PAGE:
Self-love is important. Its presence or lack of presence in our lives affects everything—from our health to our choice of work and mate. Armed with self-love, we feel braver, and we’re less likely to act in self-sabotaging ways or to audition for the love and attention of others. Rather, we expect to be happy, to live fulfilled lives with people who care about us.
That said, self-love is often the hardest love of all. We know ourselves well, and it’s all too easy to focus on our perceived flaws and failures. While it would be wonderful if our inner voice were a cheerleader, urging us on to ever-greater heights, many of us spend our days listening instead to our inner critic—a voice whose superpower is finding new, inventive ways to tell us how insufficient we are.
The good news is that you can change that by making self-love a practice. While the idea of self-love may seem big and nebulous, the practice of it can be exactly the opposite. You can start a self-love practice today that’s fun, concrete, and easily incorporated into your daily routine, with actions that engage you creatively and stir your imagination. From that place of playful expectation, evolution is not only possible, it’s inevitable.
Here are five examples of simple yet powerful activities you might include in a self-love practice.
1. Celebrate your body—out loud.
Too many of us spend an inordinate amount of time lamenting our bodies. We’re too fat, too skinny, too tall, too short. We’re too old, stiff, tired, wrinkled. We’re not strong, or fast, or graceful enough. We look at Photoshopped models and wish we were perfect, even as we rail against our society’s preoccupation with an aesthetic that has nothing to do with real, soulful beauty.
What if, instead, you started a practice of complimenting your body, out loud? Try this: In the morning, as part of getting ready for your day, take a second to thank your body for all the stuff it does and for the way it so masterfully holds all your insides in place. (Imagine if it didn’t!) Compliment your curves and your hard-earned scars. Love your shoulders, your wrists, your ankles, and elbows. Appreciate the steps your feet take, the leaps they’re capable of. At first, this may feel awkward, but roll with it. You’ll be surprised at how it gets easier and easier to see and love your body for the miraculous feat of biology that it is.
2. Be wildly creative.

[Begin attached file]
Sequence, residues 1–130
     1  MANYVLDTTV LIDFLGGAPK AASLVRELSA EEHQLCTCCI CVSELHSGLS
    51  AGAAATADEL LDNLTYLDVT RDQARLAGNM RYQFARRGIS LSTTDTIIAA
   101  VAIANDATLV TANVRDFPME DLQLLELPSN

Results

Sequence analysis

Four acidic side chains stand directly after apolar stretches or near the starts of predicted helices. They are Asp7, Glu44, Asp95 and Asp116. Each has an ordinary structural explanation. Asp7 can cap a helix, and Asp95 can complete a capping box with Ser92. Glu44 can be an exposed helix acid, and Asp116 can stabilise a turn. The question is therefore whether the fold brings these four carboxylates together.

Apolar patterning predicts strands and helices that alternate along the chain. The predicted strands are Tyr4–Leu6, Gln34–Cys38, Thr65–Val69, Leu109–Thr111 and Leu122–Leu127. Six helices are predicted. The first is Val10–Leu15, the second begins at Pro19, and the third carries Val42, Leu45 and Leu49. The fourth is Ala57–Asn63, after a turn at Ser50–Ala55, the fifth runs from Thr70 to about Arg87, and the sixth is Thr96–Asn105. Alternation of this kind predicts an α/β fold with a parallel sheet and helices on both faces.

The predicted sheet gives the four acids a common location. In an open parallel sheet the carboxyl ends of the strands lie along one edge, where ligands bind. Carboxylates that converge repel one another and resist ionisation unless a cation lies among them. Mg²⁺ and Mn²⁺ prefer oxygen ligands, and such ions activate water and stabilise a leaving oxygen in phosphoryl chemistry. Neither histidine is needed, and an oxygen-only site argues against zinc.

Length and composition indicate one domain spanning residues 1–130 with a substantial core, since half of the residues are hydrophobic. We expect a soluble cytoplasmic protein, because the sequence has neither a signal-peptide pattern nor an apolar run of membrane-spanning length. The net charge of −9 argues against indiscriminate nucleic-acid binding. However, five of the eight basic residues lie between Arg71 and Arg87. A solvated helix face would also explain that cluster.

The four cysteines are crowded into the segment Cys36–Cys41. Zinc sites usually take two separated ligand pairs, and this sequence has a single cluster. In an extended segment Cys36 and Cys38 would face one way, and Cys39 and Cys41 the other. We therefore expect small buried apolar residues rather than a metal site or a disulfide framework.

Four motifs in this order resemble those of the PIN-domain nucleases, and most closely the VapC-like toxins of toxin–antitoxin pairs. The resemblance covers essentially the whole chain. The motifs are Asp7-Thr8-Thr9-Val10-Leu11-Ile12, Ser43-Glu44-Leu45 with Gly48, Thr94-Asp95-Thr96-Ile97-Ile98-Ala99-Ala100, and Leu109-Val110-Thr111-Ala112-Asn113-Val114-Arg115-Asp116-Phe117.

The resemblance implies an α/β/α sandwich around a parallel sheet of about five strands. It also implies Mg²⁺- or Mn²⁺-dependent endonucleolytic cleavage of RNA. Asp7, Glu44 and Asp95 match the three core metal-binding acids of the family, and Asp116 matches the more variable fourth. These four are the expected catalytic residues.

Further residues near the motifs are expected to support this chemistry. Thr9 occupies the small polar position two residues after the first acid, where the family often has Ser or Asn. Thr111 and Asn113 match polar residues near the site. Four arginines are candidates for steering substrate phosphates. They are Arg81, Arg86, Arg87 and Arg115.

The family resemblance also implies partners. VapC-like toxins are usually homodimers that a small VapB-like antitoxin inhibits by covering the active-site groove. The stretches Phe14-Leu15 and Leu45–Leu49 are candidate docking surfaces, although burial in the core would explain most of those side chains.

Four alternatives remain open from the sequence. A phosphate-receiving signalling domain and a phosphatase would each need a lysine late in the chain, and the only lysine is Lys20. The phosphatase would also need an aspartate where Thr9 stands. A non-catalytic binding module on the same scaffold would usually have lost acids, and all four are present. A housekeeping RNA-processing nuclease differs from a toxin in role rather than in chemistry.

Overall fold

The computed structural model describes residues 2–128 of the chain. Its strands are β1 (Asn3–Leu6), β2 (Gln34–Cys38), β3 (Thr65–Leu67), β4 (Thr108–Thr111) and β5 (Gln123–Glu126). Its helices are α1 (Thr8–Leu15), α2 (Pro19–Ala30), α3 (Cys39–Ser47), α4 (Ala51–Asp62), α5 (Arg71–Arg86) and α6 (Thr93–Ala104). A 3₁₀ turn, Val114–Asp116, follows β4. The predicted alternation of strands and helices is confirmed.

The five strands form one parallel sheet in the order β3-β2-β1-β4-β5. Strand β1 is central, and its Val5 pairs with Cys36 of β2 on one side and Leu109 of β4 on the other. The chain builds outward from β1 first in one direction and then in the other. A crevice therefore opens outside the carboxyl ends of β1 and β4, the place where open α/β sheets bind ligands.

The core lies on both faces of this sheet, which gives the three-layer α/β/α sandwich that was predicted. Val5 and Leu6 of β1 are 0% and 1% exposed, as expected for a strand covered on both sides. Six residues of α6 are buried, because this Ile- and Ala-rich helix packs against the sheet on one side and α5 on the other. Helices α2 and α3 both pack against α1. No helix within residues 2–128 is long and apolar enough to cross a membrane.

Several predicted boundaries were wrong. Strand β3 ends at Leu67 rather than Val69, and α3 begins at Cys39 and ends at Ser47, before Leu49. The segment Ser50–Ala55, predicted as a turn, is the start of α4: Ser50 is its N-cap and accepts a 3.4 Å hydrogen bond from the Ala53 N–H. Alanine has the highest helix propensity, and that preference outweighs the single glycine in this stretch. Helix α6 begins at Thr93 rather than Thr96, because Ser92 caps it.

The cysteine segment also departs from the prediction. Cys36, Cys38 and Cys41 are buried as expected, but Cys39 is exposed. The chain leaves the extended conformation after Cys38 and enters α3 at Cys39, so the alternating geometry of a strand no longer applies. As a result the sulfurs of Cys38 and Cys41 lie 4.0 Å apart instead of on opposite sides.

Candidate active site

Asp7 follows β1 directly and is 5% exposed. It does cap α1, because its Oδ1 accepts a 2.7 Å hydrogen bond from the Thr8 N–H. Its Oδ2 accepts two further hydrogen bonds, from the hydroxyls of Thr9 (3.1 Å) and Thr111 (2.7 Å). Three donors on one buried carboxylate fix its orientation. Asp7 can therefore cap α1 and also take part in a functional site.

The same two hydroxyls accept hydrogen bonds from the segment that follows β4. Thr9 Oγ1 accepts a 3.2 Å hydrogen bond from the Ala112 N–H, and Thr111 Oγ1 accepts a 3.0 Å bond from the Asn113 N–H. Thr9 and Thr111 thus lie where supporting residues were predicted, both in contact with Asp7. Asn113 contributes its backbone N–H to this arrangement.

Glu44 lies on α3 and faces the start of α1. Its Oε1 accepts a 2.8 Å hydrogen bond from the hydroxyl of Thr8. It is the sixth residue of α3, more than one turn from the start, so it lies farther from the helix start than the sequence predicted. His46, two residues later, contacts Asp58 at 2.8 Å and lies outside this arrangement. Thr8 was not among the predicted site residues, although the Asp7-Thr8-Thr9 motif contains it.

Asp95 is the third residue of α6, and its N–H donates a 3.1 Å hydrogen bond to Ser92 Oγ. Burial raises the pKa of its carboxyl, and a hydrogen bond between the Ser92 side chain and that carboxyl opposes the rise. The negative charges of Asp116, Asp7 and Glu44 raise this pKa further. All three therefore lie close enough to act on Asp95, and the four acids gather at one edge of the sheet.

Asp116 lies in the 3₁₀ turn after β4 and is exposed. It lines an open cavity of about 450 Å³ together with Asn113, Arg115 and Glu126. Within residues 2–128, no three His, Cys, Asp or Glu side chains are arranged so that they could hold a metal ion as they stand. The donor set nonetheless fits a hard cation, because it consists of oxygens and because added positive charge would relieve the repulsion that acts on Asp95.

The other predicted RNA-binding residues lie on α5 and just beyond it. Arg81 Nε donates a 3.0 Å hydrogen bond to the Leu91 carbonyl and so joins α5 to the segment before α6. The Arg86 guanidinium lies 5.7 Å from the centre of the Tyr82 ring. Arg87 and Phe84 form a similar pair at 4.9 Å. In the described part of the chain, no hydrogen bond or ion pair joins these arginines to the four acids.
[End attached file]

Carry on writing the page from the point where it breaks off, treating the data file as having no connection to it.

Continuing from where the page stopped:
Because it is a form of self-expression, I believe that every act of creation is also an act of self-love. I can’t think of anything more basic and beautiful than our human desire to create, to make something out of nothing, or change something old into something new. Whether we’re playing music, writing a book, or building the perfect pizza, engaging creatively is like a full-body workout for the soul. In doing so, we honor our time, our instincts, our tender (often unspoken) ideas, and we connect with the most adventurous, evolutionary part of ourselves.
3. Make a list of songs to belt.
Play is the fastest, easiest way to refill our well when we feel drained by the minutiae of everyday life, and what better way to play than to sing? First, imagine yourself driving a convertible, top down, on a beautiful spring day. There’s a wide open highway ahead of you, and your favorite music blasting on the radio. Now put together your songs-to-belt playlist. Bonus points if, when you’re through, you start singing like the unselfconscious rock star you are.
4. Hold a burning ceremony.
I believe that the secret to loving yourself more and better lies in letting go. There is such freedom in shedding your limiting beliefs, the stories that no longer feel like yours, and the wounds that never quite heal. Letting go is an act of supreme generosity to your soul. One way to do that is with a burning ceremony. There’s something about the ritual that imbues your intention to let go with a reassuring, tangible weight, a physical moment of release.
Here’s how to hold a very simple burning ceremony. First, write the thing you’re letting go of on a piece of paper. It can be anything—an old resentment, an unhealthy relationship, an old definition of yourself. Fold the paper, hold it with tongs over a fire (a candle will do), and watch it burn away, all the while feeling inside the space that gets created when you let go of what no longer serves you.
5. Write a self-love mantra.
No matter how committed to self-love we are, some days it’s just hard. We don’t feel playful or accepting, kind or generous. We’re just spent. That’s when it’s helpful to have a self-love mantra—a sentence that we can say to ourselves that is reassuring and supportive and nonjudgmental. Something we would say to our best friend, or our child, or our spouse to let them know they are loved and we’re here for them. Write that sentence to yourself, put it in your wallet or your purse, and refer to it as needed.
In the end, that’s what self-love is all about, after all. Being exactly the love you need.